MARGA Stories: What do you learn with the business simulation?
We have just finished the first qualification round of the MARGA Online Competition 2016/2017 with individual feedback sessions. Wow, the competition was exciting again!
- Some investments have paid out last minute.
- Other teams have taken high risks and have been lapped by the competitors at the end.
- Sometimes those teams with extraordinary high market shares were not the most profitable ones.
- And sometimes the competition was very tough and no competitor was able to achieve high margins at all.
Here we report on some of these 'MARGA stories':
Stick to your strategy!
Cost leadership, differentiation or focus strategy: No matter which competitive strategy the board teams have chosen, we recommend them to stick to this strategy through all simulation periods. To be successful with a strategy, it is usually necessary to make certain investments, which often will only pay off after some time. A cost leadership for example mostly only works out after initial investments in machines and personnel. It also requires investments in marketing, since the built capacities should be used and the products have to be pushed into the market. Generally, it is possible to win the MARGA business simulation with any strategy. But usually those teams are most successful, which consequently stick to their chosen strategy.
Business Simulation: Generic competitive strategies (Porter)
Raw material management
In one group, all four companies had completely different approaches: Company 1 installed the supply chain management tool with the respective costs already starting from period 1 onwards. Consequently the prices per unit were somewhere in mid-level and there were no stock costs or capital commitments attached. Companies 3 and 4 both bought a lot of raw material during the first period. Due to the accretion of discount they benefited from extremely low prices per unit and could therefore reduce their variable production costs. The disadvantage: A pre-financing was necessary and the high current assets caused capital costs. Finally in period 4 the raw material stock ran low for both competitors and they then decided on different courses of action: Company 3 again bought a huge amount of raw material – which is an advantage concerning the variable costs, but a disadvantage concerning the stock and capital costs. Here it was not possible to use up all stock until the end of the last period. Company 4 in contrast, continued by installing the supply chain management tool in period 4. In this case the advantage was a minimization of risk and a reduction of stock and capital costs. The disadvantage was the costs for the installation of the tool and an increase of the variable costs per unit.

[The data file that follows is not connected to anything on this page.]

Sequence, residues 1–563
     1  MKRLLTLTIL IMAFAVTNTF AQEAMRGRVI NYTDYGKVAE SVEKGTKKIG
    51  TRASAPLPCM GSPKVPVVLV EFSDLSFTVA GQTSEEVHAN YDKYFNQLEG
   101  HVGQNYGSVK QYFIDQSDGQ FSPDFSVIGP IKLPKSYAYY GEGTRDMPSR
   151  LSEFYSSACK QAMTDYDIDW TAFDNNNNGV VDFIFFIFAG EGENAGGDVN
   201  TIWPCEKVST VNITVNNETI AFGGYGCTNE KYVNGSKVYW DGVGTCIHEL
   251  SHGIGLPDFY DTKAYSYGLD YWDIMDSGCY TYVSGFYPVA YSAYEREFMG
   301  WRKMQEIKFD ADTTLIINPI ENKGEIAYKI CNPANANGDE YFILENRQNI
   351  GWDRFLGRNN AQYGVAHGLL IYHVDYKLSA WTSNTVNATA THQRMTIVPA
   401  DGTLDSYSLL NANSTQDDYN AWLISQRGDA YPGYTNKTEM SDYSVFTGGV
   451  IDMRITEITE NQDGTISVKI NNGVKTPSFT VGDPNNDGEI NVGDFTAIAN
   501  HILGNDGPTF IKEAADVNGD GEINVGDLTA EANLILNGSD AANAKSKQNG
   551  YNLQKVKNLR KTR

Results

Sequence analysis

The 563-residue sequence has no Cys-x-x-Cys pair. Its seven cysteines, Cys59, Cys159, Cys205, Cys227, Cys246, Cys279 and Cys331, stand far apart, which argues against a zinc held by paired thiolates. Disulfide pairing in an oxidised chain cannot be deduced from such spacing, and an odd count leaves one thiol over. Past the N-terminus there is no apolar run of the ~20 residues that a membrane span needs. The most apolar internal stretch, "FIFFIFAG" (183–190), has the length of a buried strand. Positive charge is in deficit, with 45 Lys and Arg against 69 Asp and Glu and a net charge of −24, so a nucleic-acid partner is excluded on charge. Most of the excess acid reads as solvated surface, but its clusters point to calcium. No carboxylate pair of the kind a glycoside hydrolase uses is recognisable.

Considering all four companies, in the beginning Company 2 had the highest variable costs per unit. This company did not make use of the supply chain management tool, but they only bought a small amount of raw material in the beginning of the round. The disadvantage was a high price per unit and stock as well as capital costs. Luckily the company board promptly identified this mistake and chose to make use of the supply chain management tool from period 2 onwards.
Which method is the best? Of course, this depends on the strategy chosen and as concerning all MARGA decisions, it is inevitable to carefully balance all advantages and disadvantages. As a matter of fact, a cost leadership is only possible with low costs for raw materials. This means that in the best case an investment is only necessary once at the beginning and then the stock can be reduced bit by bit up to the end of the round.
Business Simulation: Impact of raw material management on variable production costs